When My Alabama

starts to show     when I think     almost
say     what I was taught     growing up
growing up white    in Alabama means

you grow up     believing you are better     
a gravel driveway led to my house     
surrounded    no     protected by the woods     

we had a cast-iron gate     an entrance     
laid with stone     our name engraved     
as if my father meant to show our Alabama

our money like a flag     there are so many
words I said to fit in     in my Alabama
those words a noose    waiting to be tied

when my Alabama is an instrument of death     
to anyone not white     when I’m taught how
to become     if I become     my father

what my father     is     his hands tying the knot     
the hangman’s knot     tightening the rope     
my whiteness was     is an instrument

of death     when my Alabama is my Alabama
I leave the state     wanting to erase
each magnolia flower    burning atop the water

like a paper lantern that never     rose to the sky
the pond in front of my parent’s house
down a foot     in the heat of the summer

when each pine gave me shade     but I knew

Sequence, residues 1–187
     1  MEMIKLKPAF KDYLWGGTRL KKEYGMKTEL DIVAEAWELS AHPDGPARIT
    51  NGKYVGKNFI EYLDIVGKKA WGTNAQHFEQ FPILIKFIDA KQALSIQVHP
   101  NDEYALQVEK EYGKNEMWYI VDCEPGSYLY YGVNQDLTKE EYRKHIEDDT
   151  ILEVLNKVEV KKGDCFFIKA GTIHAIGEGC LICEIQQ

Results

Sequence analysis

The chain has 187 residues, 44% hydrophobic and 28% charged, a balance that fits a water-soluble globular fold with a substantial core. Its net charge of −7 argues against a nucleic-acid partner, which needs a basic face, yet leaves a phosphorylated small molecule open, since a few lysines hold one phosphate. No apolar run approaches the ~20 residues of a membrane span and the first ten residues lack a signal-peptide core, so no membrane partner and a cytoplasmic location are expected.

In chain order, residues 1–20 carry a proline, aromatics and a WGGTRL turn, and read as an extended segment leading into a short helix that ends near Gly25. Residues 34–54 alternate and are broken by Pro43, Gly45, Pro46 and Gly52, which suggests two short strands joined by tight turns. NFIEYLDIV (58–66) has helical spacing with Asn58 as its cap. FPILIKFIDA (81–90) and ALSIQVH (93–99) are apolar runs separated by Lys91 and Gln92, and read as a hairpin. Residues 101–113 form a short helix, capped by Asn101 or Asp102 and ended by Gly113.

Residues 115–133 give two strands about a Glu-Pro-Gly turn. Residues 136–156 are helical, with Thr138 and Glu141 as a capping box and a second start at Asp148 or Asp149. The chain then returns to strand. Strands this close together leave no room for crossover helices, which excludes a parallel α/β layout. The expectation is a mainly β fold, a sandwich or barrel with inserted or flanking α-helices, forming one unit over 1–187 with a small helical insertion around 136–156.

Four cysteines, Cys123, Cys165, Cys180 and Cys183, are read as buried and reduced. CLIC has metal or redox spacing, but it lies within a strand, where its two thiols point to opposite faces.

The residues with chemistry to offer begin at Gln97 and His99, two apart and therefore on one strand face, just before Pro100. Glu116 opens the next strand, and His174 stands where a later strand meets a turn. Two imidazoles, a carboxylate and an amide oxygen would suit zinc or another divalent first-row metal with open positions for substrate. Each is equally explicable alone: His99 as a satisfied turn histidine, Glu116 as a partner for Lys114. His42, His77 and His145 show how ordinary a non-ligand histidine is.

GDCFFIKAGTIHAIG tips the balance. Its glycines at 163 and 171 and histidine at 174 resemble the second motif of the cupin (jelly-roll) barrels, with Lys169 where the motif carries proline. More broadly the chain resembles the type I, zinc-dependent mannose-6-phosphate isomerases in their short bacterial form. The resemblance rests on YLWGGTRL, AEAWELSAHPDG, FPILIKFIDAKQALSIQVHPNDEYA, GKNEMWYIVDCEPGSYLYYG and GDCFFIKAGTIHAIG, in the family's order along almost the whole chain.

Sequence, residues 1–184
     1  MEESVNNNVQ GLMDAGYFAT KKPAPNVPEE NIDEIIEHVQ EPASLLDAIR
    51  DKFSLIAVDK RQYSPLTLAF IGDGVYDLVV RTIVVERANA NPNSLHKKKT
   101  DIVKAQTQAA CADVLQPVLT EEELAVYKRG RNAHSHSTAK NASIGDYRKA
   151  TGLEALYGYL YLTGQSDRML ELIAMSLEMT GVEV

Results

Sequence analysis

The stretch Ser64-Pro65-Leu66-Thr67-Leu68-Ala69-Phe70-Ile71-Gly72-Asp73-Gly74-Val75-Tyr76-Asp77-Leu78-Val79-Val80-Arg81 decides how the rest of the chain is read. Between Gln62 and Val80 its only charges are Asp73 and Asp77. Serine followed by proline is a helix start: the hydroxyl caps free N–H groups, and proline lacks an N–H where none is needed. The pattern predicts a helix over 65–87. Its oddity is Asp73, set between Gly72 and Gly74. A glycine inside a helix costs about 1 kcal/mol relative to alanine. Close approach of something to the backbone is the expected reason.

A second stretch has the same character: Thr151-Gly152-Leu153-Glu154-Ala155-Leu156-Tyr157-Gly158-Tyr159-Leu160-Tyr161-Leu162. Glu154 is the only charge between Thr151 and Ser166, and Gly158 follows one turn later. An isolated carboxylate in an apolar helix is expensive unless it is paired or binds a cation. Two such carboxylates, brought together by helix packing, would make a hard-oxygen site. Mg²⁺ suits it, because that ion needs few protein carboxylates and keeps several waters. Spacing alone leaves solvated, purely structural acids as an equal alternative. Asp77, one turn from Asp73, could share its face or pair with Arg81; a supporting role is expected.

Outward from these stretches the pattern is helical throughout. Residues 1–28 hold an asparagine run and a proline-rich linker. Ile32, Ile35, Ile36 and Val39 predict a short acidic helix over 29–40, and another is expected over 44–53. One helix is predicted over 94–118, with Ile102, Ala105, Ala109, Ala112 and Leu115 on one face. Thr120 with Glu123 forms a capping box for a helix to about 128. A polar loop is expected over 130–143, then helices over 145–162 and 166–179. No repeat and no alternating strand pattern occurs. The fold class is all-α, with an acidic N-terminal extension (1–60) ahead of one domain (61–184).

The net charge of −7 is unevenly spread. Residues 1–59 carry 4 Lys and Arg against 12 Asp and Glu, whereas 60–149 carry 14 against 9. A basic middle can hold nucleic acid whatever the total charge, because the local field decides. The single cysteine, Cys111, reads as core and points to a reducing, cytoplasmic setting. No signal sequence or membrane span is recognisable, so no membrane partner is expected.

the cost of each branch     each pine growing
taller each year with me     until one year

I did not recognize the woods     that once
held tree forts     made from lumber my father
threw out     those places I made to make myself

feel safe     I had the privilege of privacy
but when my Alabama is     no longer
my Alabama     when I want to leave

what I’ve already left     I can’t escape my soil     
my dirt     but I can do better     I must
my Alabama can’t be     entirely forsaken

not yet     my terrible beautiful love     my Alabama     
I can’t sing      my mouth a cannon     my mouth
a cannon stuffed full of daisies     still a cannon

still capable of violence despite the beauty
I can hear    the music my Alabama it plays to me
but there is no place on this earth I can

run from my own prejudice     I am rebuilding
the engine of my head     but no longer
from the same parts     to keep the Pelham

out of my brain     and my brain out of
my mouth     when my Alabama is an instrument
I can’t forget     how to play     I know I can

only hear the music if I listen     when
I listen     I must listen to overlay the song
I was taught     with the song I must pass on

each note plucked on barbed wire     is full of rust     
the banjo must be restrung    and new
notes written     behind no gates    no violence

my ear against the dirt     I must listen
no matter how loud the song gets     I must
listen when my Alabama     calls me home

Read on . . .

A New National Anthem,” a poem by Ada Limón